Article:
Once there was a hardcore band in Iceland called Fighting Shit. They put out some CDs in the mid-2000s and were pretty decent, if not well known outside their native land.
So why are they important?
Well, their former drummer is arguably one of the most gifted and well respected of the new generation of classical musicians, artists who play and compose in a classical style but still bring modern technology to their works through sampling, etc. His name is Ólafur Arnalds, and he has an insanely passionate and devoted international following. If you’ve seen the movies Hunger Games or Gimmie Shelter, or watched the British TV crime drama Broadchurch, you’ve been exposed to his music without even knowing it. (And their former guitarist, Þórir Georg Jónsson, is a pretty impressive musician in his own right as well, one who often gets overlooked when Fighting Shit is mentioned… but I for one really like his stuff as well)
I came across these three Fighting Shit CDs complete by accident. I emailed the Paradísarborgarplötur label looking for something specific, and over the course of a few emails I got a list of a bunch of CDs and tapes they had available. Given how reasonable the prices were, I asked them to basically send me one of everything. And that, my friends, is how I ended up with not one not two but three Fighting Shit CDs: Tuned For Thrash (2003), Bothered – a split release with Dead After School (2005), and Forgotten Daughters, Abandoned Sons (2006). Almost the complete discography, as near as I can tell.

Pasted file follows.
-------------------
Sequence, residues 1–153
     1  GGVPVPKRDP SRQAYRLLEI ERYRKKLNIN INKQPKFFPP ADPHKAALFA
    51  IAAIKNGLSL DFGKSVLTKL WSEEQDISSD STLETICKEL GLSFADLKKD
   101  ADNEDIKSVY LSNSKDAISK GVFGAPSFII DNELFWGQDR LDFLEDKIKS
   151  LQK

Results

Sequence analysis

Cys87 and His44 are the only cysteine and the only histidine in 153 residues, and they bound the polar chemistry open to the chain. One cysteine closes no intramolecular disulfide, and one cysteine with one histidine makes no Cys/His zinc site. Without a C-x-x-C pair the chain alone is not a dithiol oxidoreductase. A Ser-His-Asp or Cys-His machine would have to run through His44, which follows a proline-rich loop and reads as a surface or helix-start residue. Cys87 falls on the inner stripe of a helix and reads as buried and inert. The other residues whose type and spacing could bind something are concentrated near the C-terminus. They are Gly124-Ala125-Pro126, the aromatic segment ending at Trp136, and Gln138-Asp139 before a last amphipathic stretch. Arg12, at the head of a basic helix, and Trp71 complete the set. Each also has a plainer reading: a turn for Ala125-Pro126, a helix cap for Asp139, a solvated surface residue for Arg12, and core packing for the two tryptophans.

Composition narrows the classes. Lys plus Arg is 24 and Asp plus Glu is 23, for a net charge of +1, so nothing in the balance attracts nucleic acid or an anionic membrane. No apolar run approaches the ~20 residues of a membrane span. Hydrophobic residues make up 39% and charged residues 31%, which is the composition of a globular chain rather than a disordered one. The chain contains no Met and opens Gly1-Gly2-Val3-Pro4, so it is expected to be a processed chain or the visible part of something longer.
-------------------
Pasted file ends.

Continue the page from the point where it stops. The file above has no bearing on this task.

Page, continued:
Musically Fighting Shit was hardcore, pure and simple. Maybe even a bit more heavy metal thrash than hardcore punk – the songs are incredible bursts of speed and energy. I mean, the nine song Tuned For Thrash is only 11 minutes long, with eight songs running less than a minute apiece. These are insane flurries of noise, though musically there’s structure – this isn’t just some insane noise fest, these guys are playing legit songs, and they sound pretty tight even with all the speed.
By Forgotten Daughters, Abandoned Sons Fighting Shit slowed down the pace a little, and while the vocals are still raspy assaults on your ears, you can now easily understand the words (which are in English) without the aid of a lyric sheet, at least you can a lot of the time. Musically the band matured by leaps and bounds, alternating pacing within songs and even doing some harmonizing. It’s a much more approachable album to my ears, having moved even more towards the heavy metal end of the spectrum and with songs long enough that you have a chance to get into them – with seven songs at about 21 minutes it’s more a traditional format. Some of it is even slow and heavy, most impressively the nine minute, Sólstafir-like “I Am The Quiet End,” my favorite song in their catalog, by far.
I’m not going to pretend that I could have listened to Fighting Shit back in the day and thought, “you know, there’s something about that drummer… I’ll be he’s going to be huge someday”. It’s hard to believe that Arnalds has been releasing recorded music for this long – he would have been about 17 when Tuned For Thrash came out… and he’s only 27 today! His body of work is impressive, not only because he’s so young but also because he seamlessly transitioned from his hardcore punk with Fighting Shit to his classical sounding solo and collaborative projects, a disparity that couldn’t be much greater, moving from one end of the spectrum to the other without any real stops along the way.
I was primarily interested in hearing Fighting Shit because of Arnald’s involvement, but after giving these CDs a listen I came away impressed with what I heard, especially Forgotten Daughters, Abandoned Sons, which I’m going to need to burn to my iPod. I’m not sure if a hardcore fan of Arnalds current work will enjoy Fighting Shit, but I can promise that if you like punk/thrash metal they’re worth a listen.